So how seriously should we take this book? Is it just a series of potty humor parodies, or is it a real intellectual inquiry? Well, I would argue it's both. Just like the Captain Underpants movie.

I mean, the book is definitely funny and extremely rude. When it was first published, it was banned in a bunch of countries because of the way it mocks politics and religion. Even people who didn't want it banned thought that its humor was too dark.

And that's certainly one justifiable way to read the book, but I think that there's more going on here than just jokes about disembowelment.

Oh, it's time for the Open Letter?

 Open Letter (4:57)

An open letter to Disembowelment. Oh but first, let's see what's in the secret compartment today. Ah! Look at that, it's a guillotine!

Dear Disembowelment,

I've done a fair amount of reading on 18th century methods of French execution and, wow, does it seem very close to the worst of all possible worlds when it comes to criminal justice.

Torture was the rule not the exception, execution was a common punishment for all kinds of different crimes, and you were lucky if you got hanged or beheaded.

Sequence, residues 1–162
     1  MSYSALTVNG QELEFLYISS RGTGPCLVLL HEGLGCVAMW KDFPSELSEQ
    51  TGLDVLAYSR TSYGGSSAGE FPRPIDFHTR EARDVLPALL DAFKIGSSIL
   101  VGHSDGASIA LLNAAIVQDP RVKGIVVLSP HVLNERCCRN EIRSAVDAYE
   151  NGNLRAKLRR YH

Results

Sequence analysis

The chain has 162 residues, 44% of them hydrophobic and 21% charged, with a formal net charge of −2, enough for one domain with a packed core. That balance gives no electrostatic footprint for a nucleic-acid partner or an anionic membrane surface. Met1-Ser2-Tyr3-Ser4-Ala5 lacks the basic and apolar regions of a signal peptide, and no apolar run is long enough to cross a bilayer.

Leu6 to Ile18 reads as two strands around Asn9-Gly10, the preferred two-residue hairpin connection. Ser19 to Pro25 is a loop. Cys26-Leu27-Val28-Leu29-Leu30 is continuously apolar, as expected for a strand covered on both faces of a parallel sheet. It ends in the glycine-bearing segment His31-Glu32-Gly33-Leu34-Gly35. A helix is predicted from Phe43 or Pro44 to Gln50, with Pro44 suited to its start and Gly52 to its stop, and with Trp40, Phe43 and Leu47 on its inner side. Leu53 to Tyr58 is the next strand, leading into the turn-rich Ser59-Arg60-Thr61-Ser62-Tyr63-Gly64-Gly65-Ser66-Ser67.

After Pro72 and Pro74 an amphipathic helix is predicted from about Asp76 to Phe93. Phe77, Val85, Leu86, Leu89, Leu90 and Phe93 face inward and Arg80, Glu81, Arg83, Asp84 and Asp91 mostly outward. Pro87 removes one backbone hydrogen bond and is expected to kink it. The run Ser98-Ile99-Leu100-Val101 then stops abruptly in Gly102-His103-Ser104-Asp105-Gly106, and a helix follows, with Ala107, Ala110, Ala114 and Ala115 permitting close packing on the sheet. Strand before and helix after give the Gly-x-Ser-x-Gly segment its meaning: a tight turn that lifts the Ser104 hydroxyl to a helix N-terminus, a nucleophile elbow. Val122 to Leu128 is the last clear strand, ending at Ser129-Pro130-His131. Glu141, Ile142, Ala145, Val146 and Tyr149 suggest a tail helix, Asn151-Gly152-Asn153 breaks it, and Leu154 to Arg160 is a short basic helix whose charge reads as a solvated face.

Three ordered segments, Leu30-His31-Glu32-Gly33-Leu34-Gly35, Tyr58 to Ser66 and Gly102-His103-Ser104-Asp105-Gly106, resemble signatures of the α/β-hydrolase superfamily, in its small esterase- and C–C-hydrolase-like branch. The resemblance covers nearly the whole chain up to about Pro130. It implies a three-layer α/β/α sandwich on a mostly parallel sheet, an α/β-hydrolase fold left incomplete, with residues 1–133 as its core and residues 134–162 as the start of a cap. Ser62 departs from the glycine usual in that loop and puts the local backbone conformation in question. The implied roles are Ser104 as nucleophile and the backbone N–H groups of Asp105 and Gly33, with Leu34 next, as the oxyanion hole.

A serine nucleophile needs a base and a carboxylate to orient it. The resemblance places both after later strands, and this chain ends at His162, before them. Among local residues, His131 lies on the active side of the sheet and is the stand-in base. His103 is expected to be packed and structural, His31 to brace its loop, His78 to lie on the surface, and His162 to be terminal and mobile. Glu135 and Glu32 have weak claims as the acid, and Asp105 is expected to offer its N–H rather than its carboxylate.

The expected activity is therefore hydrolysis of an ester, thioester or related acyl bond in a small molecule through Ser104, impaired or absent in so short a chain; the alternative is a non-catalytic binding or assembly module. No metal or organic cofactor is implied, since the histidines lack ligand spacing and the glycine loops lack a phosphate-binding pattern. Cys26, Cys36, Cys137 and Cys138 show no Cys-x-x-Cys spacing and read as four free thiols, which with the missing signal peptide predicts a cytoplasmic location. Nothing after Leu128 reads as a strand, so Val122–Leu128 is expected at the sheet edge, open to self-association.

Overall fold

Because you could get burned alive or disemboweled or both. By comparison, the guillotine seemed humane! In fact, it was designed to be humane!

In short, Disembowelment, when it comes to you, I'm with Voltaire. I just don't think you have any role to play in the best of all possible worlds.

Worst wishes, John Green.

 End Open Letter (5:41)

Okay, so at the heart of all this rudeness, there is a big question. How do we understand evil in the world and what are we going to do about it?

Difficult questions and also among the oldest and most important for religion and for literature. And even though Voltaire was very smart and deeply opinionated, he doesn't pretend to have an answer, but he does want to negate what he sees as bad answers.

Candide is a direct response to Gottfried Wilhelm Leibniz's philosophical optimism, a strand of philosophy arguing that, since God is good, everything must be for the best in this, the best of all possible worlds.

And this was a very common philosophical understanding at the time, even though, you know, it seems a little bit ludicrous to us. I mean, the great thing about philosophical optimism is that it solved the problem of what scholars of religious traditions call theodicy, the problem of evil in a world that is ostensibly overseen by an all-powerful and all-knowing God.

Pangloss's teachings are straight up Leibniz. Pangloss's name, by the way, literally means "all talk." This optimistic determinism was a big problem for Voltaire, so he made it a big problem for Candide.

Quick pause for a bit of history!